Patna: Here’s a piece of good news for party lovers. Although people across the globe celebrate New Year on January 1, this auspicious day comes several times in a year as there are about 100 calendars across the world which people still follow. And out of this, 50 exist in India. A  list of the prominent calendars followed by the people.

Gregorian calendar

The New Year celebration on January 1 is based on the Gregorian calendar. Its origin can be traced to Roman calendar. The traditional Roman calendar starts from March 1.
Roman King Julius Caesar added the month of July in it. Later August was also added in the memory of his nephew.

The calendar which is followed worldwide now-a-days was introduced by Pope Gregory XIII in1582. Gregory had made a provision of Leap Year in it.

However Eastern Orthodox, another sect of Christian, does not recognize the Gregorian calendar. It still believes in traditional Roman calendar. As per the calendar, the New Year is celebrated on January 14. It is followed in countries like Russia, Jerusalem, Serbia and Georgia.

Islamic Calendar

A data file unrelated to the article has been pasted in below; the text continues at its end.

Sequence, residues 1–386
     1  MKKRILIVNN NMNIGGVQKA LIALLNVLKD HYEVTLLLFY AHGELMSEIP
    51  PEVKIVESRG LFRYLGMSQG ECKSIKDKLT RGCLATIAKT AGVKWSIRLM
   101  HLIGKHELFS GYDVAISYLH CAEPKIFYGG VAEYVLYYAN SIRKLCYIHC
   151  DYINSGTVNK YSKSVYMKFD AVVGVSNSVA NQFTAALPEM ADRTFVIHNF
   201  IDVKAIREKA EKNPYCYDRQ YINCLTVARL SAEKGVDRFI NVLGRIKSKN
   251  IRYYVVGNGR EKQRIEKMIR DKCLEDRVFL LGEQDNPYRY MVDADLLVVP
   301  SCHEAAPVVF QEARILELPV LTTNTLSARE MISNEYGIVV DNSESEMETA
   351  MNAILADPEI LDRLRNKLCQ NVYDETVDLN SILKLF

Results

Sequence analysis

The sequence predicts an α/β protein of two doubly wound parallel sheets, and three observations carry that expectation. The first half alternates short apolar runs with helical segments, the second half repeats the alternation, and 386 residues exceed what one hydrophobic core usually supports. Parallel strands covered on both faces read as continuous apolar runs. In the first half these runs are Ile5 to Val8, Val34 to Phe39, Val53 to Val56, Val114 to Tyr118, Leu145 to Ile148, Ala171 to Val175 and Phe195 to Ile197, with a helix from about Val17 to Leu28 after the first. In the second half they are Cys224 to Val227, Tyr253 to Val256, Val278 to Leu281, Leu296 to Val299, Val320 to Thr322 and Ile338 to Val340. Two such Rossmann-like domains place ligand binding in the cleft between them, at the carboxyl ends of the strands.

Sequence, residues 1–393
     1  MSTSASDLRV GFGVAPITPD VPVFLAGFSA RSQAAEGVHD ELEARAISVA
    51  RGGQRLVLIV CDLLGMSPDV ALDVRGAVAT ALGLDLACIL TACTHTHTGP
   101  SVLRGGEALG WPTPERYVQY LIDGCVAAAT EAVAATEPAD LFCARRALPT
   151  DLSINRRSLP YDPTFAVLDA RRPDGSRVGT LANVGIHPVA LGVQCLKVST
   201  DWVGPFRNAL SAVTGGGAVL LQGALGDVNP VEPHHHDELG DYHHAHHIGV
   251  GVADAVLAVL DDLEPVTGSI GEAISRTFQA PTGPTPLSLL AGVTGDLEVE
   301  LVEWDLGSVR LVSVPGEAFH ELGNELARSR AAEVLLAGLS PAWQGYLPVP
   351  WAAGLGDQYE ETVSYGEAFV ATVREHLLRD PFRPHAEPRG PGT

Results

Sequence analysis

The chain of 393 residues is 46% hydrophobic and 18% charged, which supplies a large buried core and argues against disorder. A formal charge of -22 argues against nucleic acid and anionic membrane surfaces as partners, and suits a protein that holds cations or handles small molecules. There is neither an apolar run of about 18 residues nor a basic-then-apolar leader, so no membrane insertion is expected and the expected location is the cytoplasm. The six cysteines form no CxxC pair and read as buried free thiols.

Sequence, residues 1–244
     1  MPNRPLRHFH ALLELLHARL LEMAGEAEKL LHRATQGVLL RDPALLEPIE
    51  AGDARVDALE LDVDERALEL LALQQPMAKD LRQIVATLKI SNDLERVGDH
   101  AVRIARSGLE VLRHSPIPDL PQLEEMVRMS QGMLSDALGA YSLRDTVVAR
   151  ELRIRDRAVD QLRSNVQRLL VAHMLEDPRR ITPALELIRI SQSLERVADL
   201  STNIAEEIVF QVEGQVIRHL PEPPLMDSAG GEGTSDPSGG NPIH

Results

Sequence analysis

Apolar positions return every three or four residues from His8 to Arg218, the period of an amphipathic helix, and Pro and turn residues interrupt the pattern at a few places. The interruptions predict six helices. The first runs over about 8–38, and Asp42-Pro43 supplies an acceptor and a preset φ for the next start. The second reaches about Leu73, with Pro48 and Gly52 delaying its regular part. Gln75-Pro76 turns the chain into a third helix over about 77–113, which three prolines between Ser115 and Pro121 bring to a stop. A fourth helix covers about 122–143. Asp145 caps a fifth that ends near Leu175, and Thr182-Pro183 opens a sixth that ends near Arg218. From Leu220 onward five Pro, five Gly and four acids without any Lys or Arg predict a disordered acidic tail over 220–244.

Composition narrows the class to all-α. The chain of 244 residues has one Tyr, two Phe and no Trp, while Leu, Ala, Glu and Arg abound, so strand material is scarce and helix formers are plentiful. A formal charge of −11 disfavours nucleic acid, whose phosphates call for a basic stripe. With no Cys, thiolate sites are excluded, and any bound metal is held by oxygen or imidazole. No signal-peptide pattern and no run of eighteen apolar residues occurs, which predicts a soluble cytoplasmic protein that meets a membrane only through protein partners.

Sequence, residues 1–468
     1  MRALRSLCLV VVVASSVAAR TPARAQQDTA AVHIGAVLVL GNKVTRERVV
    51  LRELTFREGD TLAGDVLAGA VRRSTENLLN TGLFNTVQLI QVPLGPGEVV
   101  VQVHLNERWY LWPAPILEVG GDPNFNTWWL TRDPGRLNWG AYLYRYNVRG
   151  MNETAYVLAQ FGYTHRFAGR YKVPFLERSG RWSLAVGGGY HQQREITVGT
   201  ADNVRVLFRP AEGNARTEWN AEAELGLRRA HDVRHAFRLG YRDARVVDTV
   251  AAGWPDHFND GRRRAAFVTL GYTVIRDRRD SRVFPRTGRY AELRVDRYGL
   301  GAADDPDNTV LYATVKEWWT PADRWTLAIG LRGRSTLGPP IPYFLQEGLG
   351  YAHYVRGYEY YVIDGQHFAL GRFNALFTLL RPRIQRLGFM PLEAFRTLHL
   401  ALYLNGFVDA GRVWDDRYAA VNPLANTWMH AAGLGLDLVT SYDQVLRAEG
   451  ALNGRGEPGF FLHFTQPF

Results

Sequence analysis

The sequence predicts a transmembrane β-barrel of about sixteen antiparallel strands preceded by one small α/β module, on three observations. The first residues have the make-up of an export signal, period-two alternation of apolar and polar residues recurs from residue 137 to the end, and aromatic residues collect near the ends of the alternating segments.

According to Islamic calendar, also known as the Hijri calendar, New Year is celebrated on the very first day of the month of Muḥarram. The 10th day of Muharram is known as the Ashura. Prophet Mohammad’s grandson Imam Hussain was martyred at Karbala near Baghdad on the same day.

Hijri calendar was prepared before the battle of Karbala. Significantly, the days have not been accommodated on the basis of variation of the moon’s motion. Therefore Islamic month fluctuates by 10 days each year.

Chinese Calendar

China has its own calendar. Here, New Year is celebrated with the first appearance of the year’s new moon. It is called Yuan Ten. It falls between January, 21and February, 21.

The Chinese years have been named after 12 animals. The same criteria has been followed in Chinese astrology.

Indian Calendar

India has about 50 calendars including Vikram Samvat, Shaka Samvat, Hijri Samvat, Fasli Samvat, Bangla Samvat, Buddha samvat, Jain Samvat, Khalsa Samvat, Tamil Samvat,

Malyalam Samvat and Telugu Samvat. All have their own New Years.

Vikrama Samvat and Shaka Samvat are the most commonly followed calendars in India.

Vikrama Samvat was founded by emperor Vikramaditya of Ujjain following his victory over the Sakas in 56 BC.

In Northern India, the calendar starts with the first day after the new moon in the month Chaitra, which usually falls in March/April according to the Gregorian calendar.

Again in Western India, the same era begins with the first day after the new moon in the month of Kartika which usually falls in October/November.

Emperor Kanishka established the Saka era in the year 78 AD.  It is also known as Shalivahana Saka.

In post independence era, India adopted it as the national calendar. The New Year of national calendar falls on March 22 while in a Leap Year it falls on March 21.

JPN/Bureau